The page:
In 2015, Palm Beach Gardens Police Officer Nouman Raja fatally shot African-American musician Corey Jones while he was reportedly waiting by his disabled car.
At the time, the plainclothes officer claimed the victim was running away from him as he called for backup.
However, the recent release of Jones’ last call to a roadside assistance service reveals another side of the story that contradicts the cop’s initial statement.
According to prosecutors, the audio evidence proves that Raja fired Jones six times as opposed to his claims of firing three shorts while he was calling 911.
“The audio recording from the call reveals Raja lied when he said he made his 911 call before he fired his second volley of shots,” read the documents obtained by The Palm Beach Post.
The 31-year-old musician was in his broken down car on the exit ramp of PGA Boulevard and Interstate 95 on Oct. 18, 2015 after a band performance. The drummer had called AT&T assistance six times earlier for help and was finally on call with one of them when the cop, who was not in the uniform at the time, approached him.
The tragic incident took place while Jones was giving his basic information to the operator. He can be heard saying “Huh,” as a loud noise from a door was opened in the background.
“You good?” asked Raja, to which Jones replied, "I'm good. Yeah, I'm good.”
"Really?" Raja questioned.
"Yeah," responded a frightened Jones.
At that point, the cop began screaming, "Get your f****** hands up! Get your f***** hands up!"
"Hold on! Hold on!" pleaded Jones as the officer continued to shout expletives.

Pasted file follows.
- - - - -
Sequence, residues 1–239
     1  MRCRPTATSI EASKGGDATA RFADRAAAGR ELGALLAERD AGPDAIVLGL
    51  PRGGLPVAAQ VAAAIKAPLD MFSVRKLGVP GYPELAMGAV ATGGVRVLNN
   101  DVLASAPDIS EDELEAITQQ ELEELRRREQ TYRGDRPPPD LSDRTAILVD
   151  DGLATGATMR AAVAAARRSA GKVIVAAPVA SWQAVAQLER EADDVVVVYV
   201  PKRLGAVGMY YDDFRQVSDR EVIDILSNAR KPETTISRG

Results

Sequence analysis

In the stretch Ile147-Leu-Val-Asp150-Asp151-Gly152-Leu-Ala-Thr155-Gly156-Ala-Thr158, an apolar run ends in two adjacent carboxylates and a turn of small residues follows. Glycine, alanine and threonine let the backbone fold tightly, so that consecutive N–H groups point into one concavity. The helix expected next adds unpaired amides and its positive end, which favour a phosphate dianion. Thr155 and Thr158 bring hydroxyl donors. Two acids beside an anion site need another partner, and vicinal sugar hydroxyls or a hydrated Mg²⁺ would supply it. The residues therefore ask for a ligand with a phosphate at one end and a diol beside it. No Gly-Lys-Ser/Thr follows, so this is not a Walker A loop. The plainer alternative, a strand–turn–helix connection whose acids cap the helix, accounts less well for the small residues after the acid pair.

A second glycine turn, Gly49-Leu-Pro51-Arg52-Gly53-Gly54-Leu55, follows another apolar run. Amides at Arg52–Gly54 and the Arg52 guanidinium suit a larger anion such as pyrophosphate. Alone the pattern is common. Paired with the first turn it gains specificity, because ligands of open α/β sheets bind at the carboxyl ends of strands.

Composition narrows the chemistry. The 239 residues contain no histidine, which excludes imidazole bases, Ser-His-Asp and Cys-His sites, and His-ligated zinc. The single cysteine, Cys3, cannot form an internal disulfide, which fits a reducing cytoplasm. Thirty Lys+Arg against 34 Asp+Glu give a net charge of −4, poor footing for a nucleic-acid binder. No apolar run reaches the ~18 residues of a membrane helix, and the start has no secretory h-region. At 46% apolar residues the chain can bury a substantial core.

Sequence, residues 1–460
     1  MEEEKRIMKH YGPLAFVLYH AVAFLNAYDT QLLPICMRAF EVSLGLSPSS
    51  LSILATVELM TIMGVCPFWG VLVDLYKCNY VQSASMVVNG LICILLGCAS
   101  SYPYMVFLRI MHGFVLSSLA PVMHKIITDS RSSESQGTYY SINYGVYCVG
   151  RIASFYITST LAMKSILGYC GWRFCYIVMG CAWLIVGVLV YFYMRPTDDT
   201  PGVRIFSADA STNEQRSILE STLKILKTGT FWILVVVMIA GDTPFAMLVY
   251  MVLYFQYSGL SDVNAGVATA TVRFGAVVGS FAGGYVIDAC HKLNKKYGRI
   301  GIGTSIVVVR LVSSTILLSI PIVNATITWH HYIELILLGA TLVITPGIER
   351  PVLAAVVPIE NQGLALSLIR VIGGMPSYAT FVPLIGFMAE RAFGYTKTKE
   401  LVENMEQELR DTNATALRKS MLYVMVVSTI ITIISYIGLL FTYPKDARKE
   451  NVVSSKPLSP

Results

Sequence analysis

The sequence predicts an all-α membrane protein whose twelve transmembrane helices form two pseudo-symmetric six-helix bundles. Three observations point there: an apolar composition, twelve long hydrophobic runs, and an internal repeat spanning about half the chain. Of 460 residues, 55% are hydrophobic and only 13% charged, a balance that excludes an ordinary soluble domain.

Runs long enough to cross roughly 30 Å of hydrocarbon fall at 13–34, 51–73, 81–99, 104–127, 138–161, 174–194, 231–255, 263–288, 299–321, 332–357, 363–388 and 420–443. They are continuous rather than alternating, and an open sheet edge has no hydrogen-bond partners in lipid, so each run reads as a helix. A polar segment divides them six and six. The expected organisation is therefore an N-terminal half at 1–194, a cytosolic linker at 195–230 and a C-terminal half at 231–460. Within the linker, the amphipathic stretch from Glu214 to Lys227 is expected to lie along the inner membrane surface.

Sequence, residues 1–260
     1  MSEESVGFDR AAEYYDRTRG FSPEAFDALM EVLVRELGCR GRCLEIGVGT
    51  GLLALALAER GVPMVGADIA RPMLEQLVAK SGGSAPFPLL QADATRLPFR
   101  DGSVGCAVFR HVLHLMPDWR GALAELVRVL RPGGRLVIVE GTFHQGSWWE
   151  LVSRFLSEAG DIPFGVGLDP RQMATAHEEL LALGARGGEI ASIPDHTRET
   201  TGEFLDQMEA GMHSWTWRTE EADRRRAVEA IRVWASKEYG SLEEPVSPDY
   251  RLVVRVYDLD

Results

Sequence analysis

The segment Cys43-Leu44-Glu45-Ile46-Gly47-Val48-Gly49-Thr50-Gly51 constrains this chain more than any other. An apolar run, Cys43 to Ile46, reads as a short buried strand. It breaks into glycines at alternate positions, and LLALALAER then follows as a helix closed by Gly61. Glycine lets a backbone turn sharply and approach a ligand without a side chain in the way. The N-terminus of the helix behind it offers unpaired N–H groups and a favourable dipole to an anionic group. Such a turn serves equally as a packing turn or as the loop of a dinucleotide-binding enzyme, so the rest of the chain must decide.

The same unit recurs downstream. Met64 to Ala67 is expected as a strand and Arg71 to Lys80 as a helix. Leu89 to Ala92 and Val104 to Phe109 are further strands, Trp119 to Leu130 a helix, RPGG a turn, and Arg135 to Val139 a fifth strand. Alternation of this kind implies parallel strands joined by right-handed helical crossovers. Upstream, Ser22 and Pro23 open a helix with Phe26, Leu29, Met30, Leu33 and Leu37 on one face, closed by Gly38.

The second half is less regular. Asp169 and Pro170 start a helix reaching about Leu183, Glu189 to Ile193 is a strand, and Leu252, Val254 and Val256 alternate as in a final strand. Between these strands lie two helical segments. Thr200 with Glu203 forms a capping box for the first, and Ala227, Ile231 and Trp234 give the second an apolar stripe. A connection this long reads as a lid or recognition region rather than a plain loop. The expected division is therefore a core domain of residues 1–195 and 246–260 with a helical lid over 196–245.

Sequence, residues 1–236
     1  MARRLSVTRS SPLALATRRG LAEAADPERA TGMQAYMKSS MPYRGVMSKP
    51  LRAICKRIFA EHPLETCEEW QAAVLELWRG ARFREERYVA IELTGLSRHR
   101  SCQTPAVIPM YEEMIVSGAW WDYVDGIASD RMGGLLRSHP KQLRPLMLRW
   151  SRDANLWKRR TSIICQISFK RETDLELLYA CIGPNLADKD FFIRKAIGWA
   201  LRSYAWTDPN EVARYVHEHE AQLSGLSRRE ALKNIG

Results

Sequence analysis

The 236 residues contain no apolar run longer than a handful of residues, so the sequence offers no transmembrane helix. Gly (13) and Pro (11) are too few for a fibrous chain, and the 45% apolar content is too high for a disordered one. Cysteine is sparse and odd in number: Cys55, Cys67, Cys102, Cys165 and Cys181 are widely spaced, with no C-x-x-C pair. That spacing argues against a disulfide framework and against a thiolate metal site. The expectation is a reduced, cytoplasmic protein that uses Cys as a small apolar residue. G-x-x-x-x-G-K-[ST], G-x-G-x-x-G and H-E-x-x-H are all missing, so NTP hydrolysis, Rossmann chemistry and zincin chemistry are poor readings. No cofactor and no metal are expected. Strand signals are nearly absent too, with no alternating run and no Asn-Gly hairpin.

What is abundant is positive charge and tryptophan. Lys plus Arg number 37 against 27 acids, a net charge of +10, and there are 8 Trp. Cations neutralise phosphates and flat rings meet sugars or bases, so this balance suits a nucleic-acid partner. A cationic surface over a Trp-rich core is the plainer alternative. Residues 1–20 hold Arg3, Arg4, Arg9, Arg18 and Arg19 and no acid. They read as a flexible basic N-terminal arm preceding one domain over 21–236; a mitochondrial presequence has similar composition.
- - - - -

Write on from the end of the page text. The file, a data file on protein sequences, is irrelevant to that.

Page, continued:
Within seconds, the sounds of gunshots can be heard.
“Oh my gosh,“ said the road side operator.
After shooting Jones repeatedly, Raja made a call to 911 pretending he was in an attempt to get hold of a suspect, according to the court record.
“I just got one down. I just shot one person...Send me some units.”
“And the second I said ‘police,’ he jumped back and I clearly remember him drawing and … pointing a gun at me. I saw that silver muzzle, and he had, I can swear on this, he had a Laser Max laser and the guide rod on the gun, and I saw that red light, with that Laser Max flashing at me,” the officer told the investigators, adding that he told the victim to drop the gun. “And he, and he didn’t, he was right there. And I remember pulling the trigger, I think two to three times, and he started running.”
However, the evidence state otherwise. Raja’s claim of asking Jones to drop the gun cannot be heard anywhere. According to prosecutors, the 38-year-old cop fired six shots from his personal .40-caliber Glock, hitting Jones three times.
This is certainly not the first case of police brutality or the first time evidence directly contradicts a police officer's claims about a fatal shooting.
Citizens — particularly minorities — being shot or treated inhumanly at the hands of some negligent cops is giving a bad name to the entire police community.
Banner and thumbnail credit: Handout via Reuters